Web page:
My oldest son turned 18 this week. That’s just nutty.
And in about 6 weeks he’ll graduate from high school. That’s just crazy.
This week I have been reflecting back on these last 18 years—how my son has changed from a tank of a two-year-old to a long, lean 18-year-old, how his behavior has changed from compliant to contrary, etc. I’ve also been reflecting back on my parenting for the last 18 years—how I’ve changed from a raging parent to a reasoning one, how I’ve adapted to situations that have needed tough love vs. grace, etc. In some ways it’s been a marathon. But in others it’s been a total sprint. I now understand those older people who told me as a young parent to cherish these years because they fly by so quickly.
I was visiting with a co-worker recently who has a five-year-old and a seven-year-old. I was warning her about the crazy teenage years. And I quoted her my favorite line of the past year: “Parenting is not for the faint of heart.” Perhaps I shouldn’t have painted such a bleak picture to her. But there are certainly times when parenting, especially teenagers, feels like a game of survival.
In his book Like Dew Your Youth: Growing Up With Your Teenager, Eugene Peterson writes, “…in the rather awkward packaging of the adolescent God brings into our lives a challenge to grow, testing our love, chastening our hope, pushing our faith to the edge of the abyss.” Like I said…parenting is not for the faint of heart. It tests us, challenges us, weakens us, disappoints us, stretches us, grows us, kneads us, and refines us. While our teenagers are growing and changing and trying to navigate life, we must remember so are we. We fail just like they fail. We make poor choices just like they make poor choices. We don’t always learn from our mistakes just like they don’t always learn from theirs. Yet, God entrusts these little beings to us to direct and correct despite our own flawed selves.
We have to remember, even with the most difficult kids, our teenagers are not problems to be solved, but rather people to be loved. Our role as parent is brief in the grand scheme of things. And in this brief blip of time, our job is to point them God-ward. Instead of commanding and demanding, we must share the experiences of Christian growth. We must encourage them to go and make their faith their own rather than just blindly adopt the faith of their parents. If our own spiritual growth and maturity is a journey we give priority to, we must encourage our teenagers to get on this road as well.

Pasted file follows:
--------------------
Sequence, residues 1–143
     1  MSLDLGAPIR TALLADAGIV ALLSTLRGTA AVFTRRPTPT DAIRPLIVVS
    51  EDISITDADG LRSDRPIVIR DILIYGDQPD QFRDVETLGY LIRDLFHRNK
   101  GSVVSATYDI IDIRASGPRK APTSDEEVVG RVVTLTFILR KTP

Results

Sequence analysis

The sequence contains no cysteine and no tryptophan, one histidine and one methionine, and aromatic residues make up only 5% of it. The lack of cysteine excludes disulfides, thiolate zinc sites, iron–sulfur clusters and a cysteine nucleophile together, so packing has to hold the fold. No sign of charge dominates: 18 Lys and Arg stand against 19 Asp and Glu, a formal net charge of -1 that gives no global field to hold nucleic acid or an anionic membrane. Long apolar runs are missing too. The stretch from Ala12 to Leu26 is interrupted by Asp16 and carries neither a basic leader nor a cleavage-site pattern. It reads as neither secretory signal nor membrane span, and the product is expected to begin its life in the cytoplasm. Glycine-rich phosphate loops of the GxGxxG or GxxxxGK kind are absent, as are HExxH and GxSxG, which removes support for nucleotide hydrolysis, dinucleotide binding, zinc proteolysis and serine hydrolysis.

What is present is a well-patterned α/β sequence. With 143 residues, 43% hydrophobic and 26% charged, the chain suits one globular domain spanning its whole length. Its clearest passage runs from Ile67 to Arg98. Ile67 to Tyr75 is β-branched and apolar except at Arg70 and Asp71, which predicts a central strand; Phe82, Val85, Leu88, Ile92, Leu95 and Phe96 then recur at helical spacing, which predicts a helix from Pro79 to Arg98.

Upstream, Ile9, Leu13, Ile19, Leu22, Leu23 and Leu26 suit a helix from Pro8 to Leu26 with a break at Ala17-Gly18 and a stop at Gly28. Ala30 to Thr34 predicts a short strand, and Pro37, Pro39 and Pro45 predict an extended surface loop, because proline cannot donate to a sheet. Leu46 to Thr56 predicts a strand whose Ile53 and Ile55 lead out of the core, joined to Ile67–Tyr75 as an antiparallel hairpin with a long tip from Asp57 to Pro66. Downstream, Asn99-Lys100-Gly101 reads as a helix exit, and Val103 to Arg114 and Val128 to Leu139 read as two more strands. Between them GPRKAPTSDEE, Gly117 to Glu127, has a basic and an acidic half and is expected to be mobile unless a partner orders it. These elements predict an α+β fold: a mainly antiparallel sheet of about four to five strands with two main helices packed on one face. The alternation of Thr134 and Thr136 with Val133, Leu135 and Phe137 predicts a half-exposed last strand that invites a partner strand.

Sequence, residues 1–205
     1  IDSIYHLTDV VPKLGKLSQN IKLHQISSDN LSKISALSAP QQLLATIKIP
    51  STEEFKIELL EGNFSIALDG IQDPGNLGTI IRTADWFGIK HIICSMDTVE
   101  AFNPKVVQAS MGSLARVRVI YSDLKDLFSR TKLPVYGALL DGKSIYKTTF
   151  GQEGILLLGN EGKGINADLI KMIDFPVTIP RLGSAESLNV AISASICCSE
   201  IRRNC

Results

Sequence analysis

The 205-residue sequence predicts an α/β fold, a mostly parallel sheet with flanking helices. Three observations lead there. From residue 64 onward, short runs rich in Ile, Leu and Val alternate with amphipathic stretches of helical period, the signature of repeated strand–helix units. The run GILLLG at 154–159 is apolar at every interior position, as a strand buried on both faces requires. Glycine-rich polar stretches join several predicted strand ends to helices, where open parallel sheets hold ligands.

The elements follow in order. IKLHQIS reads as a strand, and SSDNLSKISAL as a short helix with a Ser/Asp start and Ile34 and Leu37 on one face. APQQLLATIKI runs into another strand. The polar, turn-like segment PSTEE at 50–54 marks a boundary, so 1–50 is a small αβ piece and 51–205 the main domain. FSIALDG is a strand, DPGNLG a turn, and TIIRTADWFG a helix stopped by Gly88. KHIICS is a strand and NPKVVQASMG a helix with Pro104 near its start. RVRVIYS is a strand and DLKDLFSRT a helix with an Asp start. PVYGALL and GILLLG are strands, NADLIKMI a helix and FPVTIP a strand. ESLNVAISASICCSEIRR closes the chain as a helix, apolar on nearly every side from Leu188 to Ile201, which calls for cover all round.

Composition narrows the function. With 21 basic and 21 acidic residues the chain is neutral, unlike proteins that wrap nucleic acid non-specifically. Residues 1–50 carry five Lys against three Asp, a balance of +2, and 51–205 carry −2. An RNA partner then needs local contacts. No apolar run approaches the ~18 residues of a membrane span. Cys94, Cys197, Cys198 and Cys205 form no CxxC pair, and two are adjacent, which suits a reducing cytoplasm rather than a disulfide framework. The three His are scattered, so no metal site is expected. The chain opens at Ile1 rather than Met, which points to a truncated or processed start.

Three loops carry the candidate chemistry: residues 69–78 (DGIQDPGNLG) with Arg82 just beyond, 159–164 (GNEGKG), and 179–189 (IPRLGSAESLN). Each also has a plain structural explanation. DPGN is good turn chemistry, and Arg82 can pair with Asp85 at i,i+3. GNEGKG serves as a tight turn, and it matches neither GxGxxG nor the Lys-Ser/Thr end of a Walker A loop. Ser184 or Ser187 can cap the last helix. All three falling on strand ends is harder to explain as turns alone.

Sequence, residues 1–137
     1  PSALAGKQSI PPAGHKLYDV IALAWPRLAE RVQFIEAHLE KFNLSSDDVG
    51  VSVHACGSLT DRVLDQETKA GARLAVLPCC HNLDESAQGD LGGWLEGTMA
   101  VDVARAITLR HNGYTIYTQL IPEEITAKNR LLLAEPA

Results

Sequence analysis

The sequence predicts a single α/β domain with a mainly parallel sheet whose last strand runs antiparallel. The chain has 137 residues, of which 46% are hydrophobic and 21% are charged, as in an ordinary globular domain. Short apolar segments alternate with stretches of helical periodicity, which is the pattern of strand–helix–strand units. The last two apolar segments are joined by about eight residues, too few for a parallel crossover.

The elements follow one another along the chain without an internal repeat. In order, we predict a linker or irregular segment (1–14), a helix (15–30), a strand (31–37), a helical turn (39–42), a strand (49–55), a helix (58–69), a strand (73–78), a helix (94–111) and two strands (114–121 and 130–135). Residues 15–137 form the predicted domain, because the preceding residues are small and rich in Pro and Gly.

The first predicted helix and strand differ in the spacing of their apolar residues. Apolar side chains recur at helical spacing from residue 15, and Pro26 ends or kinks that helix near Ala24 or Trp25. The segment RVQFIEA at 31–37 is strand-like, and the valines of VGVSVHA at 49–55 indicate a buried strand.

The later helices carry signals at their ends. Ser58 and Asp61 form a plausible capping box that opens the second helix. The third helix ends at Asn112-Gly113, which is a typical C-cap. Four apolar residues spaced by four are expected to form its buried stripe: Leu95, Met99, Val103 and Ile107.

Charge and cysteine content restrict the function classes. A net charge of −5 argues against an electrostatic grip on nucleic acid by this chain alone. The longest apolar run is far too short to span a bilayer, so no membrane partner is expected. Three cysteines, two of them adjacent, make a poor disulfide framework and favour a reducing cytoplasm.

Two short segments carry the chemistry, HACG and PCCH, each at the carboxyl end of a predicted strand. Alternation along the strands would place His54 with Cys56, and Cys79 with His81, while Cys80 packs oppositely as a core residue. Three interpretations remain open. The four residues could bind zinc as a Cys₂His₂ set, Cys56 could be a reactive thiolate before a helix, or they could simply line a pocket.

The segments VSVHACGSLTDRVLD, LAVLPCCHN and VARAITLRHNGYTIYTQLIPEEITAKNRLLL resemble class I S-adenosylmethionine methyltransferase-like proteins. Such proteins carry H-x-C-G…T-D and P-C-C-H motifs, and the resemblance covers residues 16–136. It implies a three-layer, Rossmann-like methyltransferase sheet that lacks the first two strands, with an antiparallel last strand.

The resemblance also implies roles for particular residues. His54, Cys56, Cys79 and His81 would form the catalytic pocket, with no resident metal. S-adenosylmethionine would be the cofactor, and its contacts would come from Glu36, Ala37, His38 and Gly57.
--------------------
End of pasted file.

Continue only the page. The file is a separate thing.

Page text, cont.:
I’m far from being a perfect parent. Just ask my boys, they’ll quickly agree. 🙂 But I don’t have to be a perfect parent to want and pray for the things of God for my kids:
- I want my boys grow up into faithful, godly men.
- I want them to be the spiritual leaders of their households.
- I want them to be readers and doers of God’s Word.
- I want them to serve God faithfully.
- I want them to know, love, and be excited about Jesus.
- I want them to see a need and meet a need.
- I want them to use their spiritual gifts to glorify God and not themselves.
- I want them to respect authority.
- I want them to be givers of grace.
- I want them to be unashamed of the gospel.
As once again I reflect back on the last 18 years, maybe in a weird sort of way, parenting IS for the faint of heart. The fainter we are, the more desperate we are to hit our knees, cry out to the One who is our Father, who can love, teach, mold, and make better than we as parents could ever do. I don’t know…it’s just a thought.
Be encouraged, parents. God’s got your back. As your well runs dry in your efforts to parent your kids, He’s right there to fill it back up again. We don’t have to have it all figured out. All we have to do is trust in the One who does.